Michigan Brewers Guild

The Friday Mash (MTV Edition)

On this day in 1981, MTV began broadcasting in America. Pay attention to this factoid, because it comes up often in pub trivia: MTV’s first video was “Video Killed the Radio Star” by The Buggles.

And now….The Mash!

We begin in Chicago, where Ian Hughes, a brewmaster at Goose Island Brewing Company, is trying to educate people about the importance of clean water, the main ingredient in Goose Island beers.

Canadian actor Seth Rogan got to fulfill his dream of drinking beer from the Stanley Cup. P.K. Subban, who plays for the Montreal Canadiens, earned an assist for pouring beer into the trophy.

The list of exotic ingredients in beer now includes seaweed. Marshall Wharf Brewing Company adds 66 pounds of Maine sugar kelp to 200 gallons of its Scotch ale to brew a batch of Sea Belt Ale.

In Indiana, a newly-passed law lifts the 67-year-old ban on beer at the State Fair, which opens today. Last call is at 8 pm, and fair-goers will be limited to three 12-ounce beers.

Tech companies in Boston are using craft beer to attract and retain talented employees. Journalist Dennis Keohane decided to investigate the tap selection at some of the area’s leading companies.

In San Francisco, a woman in the outfield seats got a rude surprise: a home run ball landed in her beer. Not only was she soaked with beer and out $8, but someone else wound up with the baseball.

Finally, the Michigan Brewers Guild has responded to heavy demand for tickets to the annual Winter Beer Festival by adding an evening session to next year’s event in Grand Rapids.

Beer in the Mitten State

In 2005, Maryanne and Paul traveled throughout Michigan for their book, Michigan Breweries. At the time, there were 78 breweries in the state. The brewery count remained flat for several years, increased to the low 90s, in 2009-10, and then…

Scott Graham, the executive director of the Michigan Brewers Guild, had an unusual confession to make to Bridge magazine correspondent Rick Haglund: “I have no idea how many breweries are under construction. I used to know about everyone.” The Guild estimates that there are 140 craft breweries in Michigan, and a spokeswoman from the state’s Liquor Control Commission says that there 48 license applications are pending.

Bell’s Brewing, which opened for business years before Michigan issued microbrewer licenses, is seventh in production among U.S. craft breweries; and Founders Brewing Company, which had maxed out its capacity at 5,000 barrels at its original location in 2005, now ranks 30th.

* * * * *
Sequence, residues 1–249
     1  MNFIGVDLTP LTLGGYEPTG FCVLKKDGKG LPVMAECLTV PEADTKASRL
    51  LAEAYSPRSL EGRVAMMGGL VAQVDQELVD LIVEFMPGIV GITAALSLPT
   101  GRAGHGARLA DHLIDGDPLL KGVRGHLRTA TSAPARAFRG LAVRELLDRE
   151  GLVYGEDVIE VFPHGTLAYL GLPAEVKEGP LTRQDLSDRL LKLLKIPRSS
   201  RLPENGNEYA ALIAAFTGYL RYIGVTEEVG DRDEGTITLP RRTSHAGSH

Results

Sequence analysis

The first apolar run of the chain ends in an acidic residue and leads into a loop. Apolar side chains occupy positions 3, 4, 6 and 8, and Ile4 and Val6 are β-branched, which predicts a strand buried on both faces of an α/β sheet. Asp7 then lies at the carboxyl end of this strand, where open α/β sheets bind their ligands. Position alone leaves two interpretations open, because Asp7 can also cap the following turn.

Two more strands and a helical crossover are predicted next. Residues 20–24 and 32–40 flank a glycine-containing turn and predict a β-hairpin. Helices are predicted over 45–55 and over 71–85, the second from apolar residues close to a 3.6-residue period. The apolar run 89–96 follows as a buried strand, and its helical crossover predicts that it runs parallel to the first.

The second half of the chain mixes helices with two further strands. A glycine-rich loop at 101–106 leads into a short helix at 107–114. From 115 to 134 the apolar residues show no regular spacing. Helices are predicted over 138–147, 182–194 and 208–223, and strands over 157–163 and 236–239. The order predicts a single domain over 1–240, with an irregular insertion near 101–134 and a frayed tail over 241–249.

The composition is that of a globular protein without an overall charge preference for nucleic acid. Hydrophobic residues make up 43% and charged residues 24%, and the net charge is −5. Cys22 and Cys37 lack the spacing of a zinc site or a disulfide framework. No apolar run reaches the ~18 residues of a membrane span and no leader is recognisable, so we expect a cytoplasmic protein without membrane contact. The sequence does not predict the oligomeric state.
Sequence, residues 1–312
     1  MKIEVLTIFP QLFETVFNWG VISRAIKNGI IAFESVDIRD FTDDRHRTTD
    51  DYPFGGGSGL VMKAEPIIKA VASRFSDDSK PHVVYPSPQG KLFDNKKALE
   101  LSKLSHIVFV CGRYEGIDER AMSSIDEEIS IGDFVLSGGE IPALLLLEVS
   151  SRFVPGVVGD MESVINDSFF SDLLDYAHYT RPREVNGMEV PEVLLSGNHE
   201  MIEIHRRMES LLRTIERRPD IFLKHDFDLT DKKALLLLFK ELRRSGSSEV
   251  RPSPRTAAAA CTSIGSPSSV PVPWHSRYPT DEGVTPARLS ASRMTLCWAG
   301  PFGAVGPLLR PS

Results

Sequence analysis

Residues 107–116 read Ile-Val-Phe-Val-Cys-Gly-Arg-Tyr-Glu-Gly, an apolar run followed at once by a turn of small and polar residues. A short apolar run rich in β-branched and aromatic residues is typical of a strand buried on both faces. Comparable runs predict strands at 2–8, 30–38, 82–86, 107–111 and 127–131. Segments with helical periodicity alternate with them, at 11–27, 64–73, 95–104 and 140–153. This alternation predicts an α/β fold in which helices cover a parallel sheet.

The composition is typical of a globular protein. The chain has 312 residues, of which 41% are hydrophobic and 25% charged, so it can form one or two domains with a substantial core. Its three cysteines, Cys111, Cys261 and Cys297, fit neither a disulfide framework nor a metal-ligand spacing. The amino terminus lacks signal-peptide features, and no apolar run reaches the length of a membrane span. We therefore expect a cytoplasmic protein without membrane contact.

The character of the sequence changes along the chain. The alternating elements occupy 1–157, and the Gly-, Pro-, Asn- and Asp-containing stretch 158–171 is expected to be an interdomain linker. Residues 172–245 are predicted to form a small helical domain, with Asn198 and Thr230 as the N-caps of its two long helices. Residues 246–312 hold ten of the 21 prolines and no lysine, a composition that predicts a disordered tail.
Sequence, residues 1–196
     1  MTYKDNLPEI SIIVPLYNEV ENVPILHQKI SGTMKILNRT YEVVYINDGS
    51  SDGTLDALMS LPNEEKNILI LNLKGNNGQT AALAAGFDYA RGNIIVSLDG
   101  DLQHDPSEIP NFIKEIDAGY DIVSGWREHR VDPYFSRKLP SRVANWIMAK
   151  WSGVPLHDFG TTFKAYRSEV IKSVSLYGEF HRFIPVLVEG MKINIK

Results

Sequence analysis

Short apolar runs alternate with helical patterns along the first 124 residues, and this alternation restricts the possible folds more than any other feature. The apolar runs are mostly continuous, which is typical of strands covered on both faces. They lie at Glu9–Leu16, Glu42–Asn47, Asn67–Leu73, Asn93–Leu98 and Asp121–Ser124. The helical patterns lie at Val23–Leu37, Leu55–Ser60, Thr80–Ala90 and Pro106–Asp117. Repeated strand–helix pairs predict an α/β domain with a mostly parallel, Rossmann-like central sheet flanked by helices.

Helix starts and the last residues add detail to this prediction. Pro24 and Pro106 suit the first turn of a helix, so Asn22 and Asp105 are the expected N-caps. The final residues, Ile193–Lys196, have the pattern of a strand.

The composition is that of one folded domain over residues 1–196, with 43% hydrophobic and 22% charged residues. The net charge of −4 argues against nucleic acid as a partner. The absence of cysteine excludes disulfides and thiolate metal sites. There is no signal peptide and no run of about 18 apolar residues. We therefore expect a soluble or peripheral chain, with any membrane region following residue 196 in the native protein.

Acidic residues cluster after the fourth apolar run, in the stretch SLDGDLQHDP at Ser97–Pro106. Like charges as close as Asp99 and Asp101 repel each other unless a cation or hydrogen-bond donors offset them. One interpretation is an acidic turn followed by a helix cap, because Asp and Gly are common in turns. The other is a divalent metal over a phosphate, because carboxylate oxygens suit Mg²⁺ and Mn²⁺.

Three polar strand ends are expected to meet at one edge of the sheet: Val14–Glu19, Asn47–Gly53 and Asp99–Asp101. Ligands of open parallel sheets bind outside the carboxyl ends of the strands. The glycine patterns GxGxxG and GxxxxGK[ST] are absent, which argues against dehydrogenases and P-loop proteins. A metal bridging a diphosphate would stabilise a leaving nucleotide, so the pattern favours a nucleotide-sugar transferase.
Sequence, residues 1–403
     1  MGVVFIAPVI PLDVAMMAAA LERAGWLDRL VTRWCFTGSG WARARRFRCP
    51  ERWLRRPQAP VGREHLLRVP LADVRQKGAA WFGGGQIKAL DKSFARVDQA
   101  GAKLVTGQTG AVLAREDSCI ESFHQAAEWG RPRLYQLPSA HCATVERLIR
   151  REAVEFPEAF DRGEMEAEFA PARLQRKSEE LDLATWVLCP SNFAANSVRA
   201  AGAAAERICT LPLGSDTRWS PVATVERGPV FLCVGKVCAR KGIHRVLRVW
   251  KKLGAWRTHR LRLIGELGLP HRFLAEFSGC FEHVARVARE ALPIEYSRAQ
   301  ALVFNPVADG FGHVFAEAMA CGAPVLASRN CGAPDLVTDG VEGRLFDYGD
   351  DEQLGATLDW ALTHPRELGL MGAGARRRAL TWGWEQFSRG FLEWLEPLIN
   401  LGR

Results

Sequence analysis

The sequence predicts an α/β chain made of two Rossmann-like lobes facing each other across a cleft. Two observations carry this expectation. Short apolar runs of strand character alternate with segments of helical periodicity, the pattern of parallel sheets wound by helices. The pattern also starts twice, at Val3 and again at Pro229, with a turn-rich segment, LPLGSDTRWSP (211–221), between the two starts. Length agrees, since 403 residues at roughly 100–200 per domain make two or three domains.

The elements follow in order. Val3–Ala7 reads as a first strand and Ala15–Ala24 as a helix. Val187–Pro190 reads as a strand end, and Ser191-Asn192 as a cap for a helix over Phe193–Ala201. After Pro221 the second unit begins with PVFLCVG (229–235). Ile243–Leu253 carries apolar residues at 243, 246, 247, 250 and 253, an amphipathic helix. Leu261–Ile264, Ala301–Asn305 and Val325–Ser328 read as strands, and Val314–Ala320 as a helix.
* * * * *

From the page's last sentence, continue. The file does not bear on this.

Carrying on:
Currently, Michigan ranks fifth in the nation in the number of breweries, and is the only state east of the Rockies in the top five.

Beer…By the Numbers

  • Days until Founders Brewing Company releases Kentucky Breakfast Stout at its tap room: 28.
  • What Founders charges for a 12-pack of KBS: $62 (includes the $5 charge for a release ticket).
  • Highest reported bid on eBay for a release ticket: over $500.
  • Beer brands owned by AB InBev and SABMiller: 210.
  • Countries in which those brands are headquartered: 42.
  • Number of monks at St. Sixtus Abbey in Vleteren, Belgium: 21.
  • St. Sixtus’s annual production of Westvleteren 12: about 4,200 barrels.
  • Price of a six-pack of Westvleteren at the abbey: $27 U.S.
  • Percent of Myanmar’s males who call themselves “drinkers”: 50.
  • Percent who say they have five or more drinks daily: 25.
  • Germany’s beer consumption last year: 82.3 million barrels.
  • Percent of that beer that was served with cola and juice: 4.5.
  • Estimated cost of the Michigan Brewers Guild’s Winter Beer Festival: $175,000.
  • Cost of the beer itself: $90,000.
  • The Guild’s profit margin on the festival: 30 percent.
  • Going…Going…Gone!

    On Saturday, tickets went on sale for the Michigan Brewers Guild’s Winter Beer Festival in Grand Rapids. The online allocation is already sold out, but a limited number of tickets are available at select breweries, bars, and stores.

    The festival will take place February 23.

    The Friday Mash (O.K. Corral Edition)

    On this day in 1881, the most famous gunfight in Old West history took place at the O.K. Corral in Tombstone, Arizona. It was fought between outlaws Billy Clanton, Tom McLaury and his brother Frank; and lawmen Virgil Earp, his brothers Morgan and Wyatt, and temporary deputy Doc Holliday.

    And now….The Mash!

    We begin in Detroit, which hosts the Michigan Brewers Guild’s Fall Beer Festival this weekend. It’s a perfect time to read Bill Loomis’s story about the city’s hard-drinking past.

    Not everyone associates “green beer” with St. Patrick’s Day. Roxanne Palmer of the International Business Times updates us about America’s most environmentally-friendly breweries.